Heading to the World Cup in Moscow? Be sure to stop by Wine and Crab

The berezutsky twins get into a pincer formation with a restaurant dedicated to russian crabs

There are, reportedly, about a hundred species of crabs that live in Russian waters. Not all of them are commercially viable as catch or even as food, but of those that are, most are represented at Wine and Crab, a restaurant that eschews esoteric single-word names in favour of a title that blithely spells out its purpose. Located in a historic building on Moscow’s Nikolskaya – a prized address on a street that leads to the Red Square – the restaurant is huddled within a warm basement interior under a domed turquoise interior, spilling out into al fresco options when the summer sun rises.

Helmed by identical twin chefs Ivan and Sergey Berezutskiy – who recently opened the lauded Twins Garden Moscow – Wine and Crab takes an all-Russian approach to its menu, just like its sister establishment. Depending on the season, between seven to nine varieties of crabs are on offer, scampering slowly in tanks in view of diners – Snow, Kamchatkan King, Murmansk King, Helmet, Spanner, Blue King, Hanasaki, Spiny and Hairy Crabs. These are presented in ways that are traditionally Russian – like spicy adjika, where Kamchatka King Crab meat is cubed into a Georgian sauce of red peppers and garlic – or delightfully modern – like the ‘wine-baba’, a play on a lobster roll that contains flaked Kamchatka King Crab and tomatoes in a bun baked by interpreting the recipe for rum baba, substituting rum for wine. The Parcel from Kamchatka – the eastern Peninsula provides some of Russia’s freshest seafood – contains portions of Snow, Blue and Blue Swimmer Crab steamed in a paper, given an Asian twist with chilli. The crustacean is interpreted in over twenty ways in the menu, and can also be served steamed or baked plain. It is Heaven for those that love the taste of the prehistoric creature, and we certainly do. For those that prefer some variety – or, God forbid, are allergic – there is other seafood available, including prawns, scallops and octopus, as well as land-based options like chicken and beef.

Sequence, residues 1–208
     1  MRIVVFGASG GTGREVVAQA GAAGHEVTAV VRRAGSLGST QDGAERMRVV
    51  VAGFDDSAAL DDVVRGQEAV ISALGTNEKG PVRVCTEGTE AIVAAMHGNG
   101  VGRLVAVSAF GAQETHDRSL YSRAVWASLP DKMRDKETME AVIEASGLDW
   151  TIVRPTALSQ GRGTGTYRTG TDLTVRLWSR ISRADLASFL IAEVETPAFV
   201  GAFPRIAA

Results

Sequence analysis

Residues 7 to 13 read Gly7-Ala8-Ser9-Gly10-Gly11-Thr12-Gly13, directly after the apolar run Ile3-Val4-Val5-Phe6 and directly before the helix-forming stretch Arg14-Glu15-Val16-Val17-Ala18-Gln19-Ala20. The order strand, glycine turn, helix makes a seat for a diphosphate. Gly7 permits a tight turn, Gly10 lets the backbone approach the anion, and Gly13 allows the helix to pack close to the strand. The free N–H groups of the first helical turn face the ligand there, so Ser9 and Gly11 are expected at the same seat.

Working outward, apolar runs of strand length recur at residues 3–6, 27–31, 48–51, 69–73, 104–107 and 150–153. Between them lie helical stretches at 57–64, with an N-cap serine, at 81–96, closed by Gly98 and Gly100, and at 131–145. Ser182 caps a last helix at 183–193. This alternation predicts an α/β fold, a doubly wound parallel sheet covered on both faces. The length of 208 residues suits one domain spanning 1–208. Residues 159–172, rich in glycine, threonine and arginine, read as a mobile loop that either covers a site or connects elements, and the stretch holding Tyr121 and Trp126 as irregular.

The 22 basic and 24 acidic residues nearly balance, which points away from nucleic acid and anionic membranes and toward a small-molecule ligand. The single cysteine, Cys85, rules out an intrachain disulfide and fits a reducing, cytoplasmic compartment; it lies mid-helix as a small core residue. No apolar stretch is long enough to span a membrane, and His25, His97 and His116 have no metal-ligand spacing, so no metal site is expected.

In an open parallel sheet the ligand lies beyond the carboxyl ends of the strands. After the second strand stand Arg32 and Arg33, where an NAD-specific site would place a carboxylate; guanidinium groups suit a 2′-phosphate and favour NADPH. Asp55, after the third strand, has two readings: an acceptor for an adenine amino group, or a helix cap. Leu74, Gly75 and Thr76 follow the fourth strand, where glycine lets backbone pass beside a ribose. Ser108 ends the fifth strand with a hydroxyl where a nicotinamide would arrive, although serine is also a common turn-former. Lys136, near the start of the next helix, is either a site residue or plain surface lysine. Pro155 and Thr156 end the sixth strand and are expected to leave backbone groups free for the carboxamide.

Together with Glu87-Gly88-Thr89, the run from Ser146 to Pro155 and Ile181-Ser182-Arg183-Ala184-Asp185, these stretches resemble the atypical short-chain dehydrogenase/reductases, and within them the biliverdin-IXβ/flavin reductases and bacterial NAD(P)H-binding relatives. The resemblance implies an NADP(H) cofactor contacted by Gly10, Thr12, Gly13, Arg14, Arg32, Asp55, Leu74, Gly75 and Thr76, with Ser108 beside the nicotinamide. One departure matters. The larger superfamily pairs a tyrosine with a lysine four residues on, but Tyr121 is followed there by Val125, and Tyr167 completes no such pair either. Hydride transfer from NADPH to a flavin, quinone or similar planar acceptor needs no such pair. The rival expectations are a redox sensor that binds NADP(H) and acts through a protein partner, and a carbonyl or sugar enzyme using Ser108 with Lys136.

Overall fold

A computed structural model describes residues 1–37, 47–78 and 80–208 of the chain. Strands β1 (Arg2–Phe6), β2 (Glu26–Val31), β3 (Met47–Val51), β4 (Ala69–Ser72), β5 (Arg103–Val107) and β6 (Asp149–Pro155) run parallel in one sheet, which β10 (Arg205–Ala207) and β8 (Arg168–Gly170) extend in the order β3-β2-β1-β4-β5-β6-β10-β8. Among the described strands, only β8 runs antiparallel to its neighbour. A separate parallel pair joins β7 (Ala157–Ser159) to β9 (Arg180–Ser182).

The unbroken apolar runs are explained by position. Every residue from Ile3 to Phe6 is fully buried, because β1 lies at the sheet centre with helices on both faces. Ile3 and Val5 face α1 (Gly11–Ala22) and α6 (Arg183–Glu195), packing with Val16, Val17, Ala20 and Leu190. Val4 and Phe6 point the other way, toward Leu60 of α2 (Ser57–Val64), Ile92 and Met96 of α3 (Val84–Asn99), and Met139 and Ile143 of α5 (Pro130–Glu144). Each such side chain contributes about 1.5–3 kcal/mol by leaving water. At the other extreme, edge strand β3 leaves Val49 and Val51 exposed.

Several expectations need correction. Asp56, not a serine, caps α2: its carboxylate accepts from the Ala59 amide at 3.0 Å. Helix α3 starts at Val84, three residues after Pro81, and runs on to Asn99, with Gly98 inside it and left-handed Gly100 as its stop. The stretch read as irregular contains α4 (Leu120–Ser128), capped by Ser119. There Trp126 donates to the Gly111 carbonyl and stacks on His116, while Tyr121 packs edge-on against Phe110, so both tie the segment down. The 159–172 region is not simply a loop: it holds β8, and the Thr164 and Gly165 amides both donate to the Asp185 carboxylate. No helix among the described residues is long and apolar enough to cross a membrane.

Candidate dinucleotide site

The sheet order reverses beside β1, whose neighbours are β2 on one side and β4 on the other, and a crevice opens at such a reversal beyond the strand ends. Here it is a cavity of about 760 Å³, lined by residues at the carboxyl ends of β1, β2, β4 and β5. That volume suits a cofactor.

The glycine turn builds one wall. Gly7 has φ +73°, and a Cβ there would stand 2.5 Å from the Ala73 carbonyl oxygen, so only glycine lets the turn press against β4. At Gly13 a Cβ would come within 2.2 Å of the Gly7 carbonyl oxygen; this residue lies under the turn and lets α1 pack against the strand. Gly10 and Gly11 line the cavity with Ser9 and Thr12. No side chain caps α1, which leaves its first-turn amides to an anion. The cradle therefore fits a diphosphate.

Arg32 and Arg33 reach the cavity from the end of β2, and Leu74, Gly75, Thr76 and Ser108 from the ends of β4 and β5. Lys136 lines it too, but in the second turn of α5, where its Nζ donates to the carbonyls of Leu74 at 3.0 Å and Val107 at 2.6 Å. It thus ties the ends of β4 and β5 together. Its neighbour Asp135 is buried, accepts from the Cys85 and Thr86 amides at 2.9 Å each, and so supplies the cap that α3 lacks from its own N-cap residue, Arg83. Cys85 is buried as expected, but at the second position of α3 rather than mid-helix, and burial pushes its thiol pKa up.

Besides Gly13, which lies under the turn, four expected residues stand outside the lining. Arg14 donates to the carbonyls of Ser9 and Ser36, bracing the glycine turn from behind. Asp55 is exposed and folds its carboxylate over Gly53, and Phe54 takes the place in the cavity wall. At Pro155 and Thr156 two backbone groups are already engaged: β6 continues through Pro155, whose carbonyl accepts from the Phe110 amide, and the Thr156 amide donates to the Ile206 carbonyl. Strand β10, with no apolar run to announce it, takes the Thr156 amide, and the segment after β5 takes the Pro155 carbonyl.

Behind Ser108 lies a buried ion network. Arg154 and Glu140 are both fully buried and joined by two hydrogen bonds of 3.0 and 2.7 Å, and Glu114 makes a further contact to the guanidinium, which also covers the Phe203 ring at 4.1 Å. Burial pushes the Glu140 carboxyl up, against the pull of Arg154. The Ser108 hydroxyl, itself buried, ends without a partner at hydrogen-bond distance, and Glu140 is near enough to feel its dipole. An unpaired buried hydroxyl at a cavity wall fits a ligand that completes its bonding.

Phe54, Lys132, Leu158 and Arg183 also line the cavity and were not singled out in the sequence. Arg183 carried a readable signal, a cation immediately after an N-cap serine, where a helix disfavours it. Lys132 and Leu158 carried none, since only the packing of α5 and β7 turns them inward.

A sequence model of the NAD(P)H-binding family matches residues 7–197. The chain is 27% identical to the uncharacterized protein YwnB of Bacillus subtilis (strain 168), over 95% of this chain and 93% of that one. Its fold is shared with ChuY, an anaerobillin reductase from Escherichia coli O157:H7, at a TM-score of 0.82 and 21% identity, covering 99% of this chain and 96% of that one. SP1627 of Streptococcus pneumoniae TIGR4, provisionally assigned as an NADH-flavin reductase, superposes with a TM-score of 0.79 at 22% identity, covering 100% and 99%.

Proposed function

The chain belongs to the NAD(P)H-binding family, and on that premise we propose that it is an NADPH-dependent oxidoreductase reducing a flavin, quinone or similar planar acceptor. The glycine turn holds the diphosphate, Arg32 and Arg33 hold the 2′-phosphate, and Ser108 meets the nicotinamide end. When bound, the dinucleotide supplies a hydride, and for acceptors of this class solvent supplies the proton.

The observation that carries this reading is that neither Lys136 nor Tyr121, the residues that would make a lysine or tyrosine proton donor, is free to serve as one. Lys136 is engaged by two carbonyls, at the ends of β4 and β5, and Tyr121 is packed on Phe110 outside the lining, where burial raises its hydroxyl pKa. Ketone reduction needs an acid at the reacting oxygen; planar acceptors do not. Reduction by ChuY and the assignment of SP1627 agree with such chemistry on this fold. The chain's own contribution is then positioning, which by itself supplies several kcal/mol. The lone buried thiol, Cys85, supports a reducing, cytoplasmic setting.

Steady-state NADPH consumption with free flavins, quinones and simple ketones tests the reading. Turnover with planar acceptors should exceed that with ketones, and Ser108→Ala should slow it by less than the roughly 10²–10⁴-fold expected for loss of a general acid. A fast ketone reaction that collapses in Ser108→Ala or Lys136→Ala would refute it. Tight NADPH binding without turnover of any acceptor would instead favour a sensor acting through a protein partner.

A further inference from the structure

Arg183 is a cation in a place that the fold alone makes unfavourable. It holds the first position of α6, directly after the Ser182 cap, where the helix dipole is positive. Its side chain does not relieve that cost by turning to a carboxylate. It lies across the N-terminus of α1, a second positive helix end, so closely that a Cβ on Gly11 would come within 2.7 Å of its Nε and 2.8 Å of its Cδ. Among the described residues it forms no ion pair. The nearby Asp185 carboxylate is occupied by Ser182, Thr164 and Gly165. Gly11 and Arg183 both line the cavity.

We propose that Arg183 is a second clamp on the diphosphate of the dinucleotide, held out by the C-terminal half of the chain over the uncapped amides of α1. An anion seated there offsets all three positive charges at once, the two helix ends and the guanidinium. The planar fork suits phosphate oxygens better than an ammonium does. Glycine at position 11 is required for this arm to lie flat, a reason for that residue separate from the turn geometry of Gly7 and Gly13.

While the menu is devoted to supporting Russian ingredients, the wine portion of the restaurant is decidedly more European. Over 900 varieties of wines can be selected, using a special tablet that includes details on the country, type and tasting notes. Or you can you wander around the restaurant’s wine cave – surrounded on all sides by a bewildering array of bottles, some of which are rare vintages and some being little known delicacies from Georgia and Armenia. If you’ve overwhelmed by what wine will go with your King Crab Phalanx or Crab bon-bons, don’t worry… sommelier Sergei Antonov will guide you through the process.

Wine and Crab

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